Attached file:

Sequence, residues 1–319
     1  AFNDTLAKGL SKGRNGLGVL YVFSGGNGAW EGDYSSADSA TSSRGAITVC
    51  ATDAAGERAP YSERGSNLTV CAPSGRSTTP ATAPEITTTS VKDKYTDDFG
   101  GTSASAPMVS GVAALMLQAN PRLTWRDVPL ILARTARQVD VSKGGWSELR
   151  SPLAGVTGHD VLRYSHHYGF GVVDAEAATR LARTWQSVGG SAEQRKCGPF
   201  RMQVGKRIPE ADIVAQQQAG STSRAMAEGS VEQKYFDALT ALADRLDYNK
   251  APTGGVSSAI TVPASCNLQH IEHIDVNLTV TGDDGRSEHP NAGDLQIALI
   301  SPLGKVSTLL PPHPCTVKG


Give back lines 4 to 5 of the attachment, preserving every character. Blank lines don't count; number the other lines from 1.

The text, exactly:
   101  GTSASAPMVS GVAALMLQAN PRLTWRDVPL ILARTARQVD VSKGGWSELR
   151  SPLAGVTGHD VLRYSHHYGF GVVDAEAATR LARTWQSVGG SAEQRKCGPF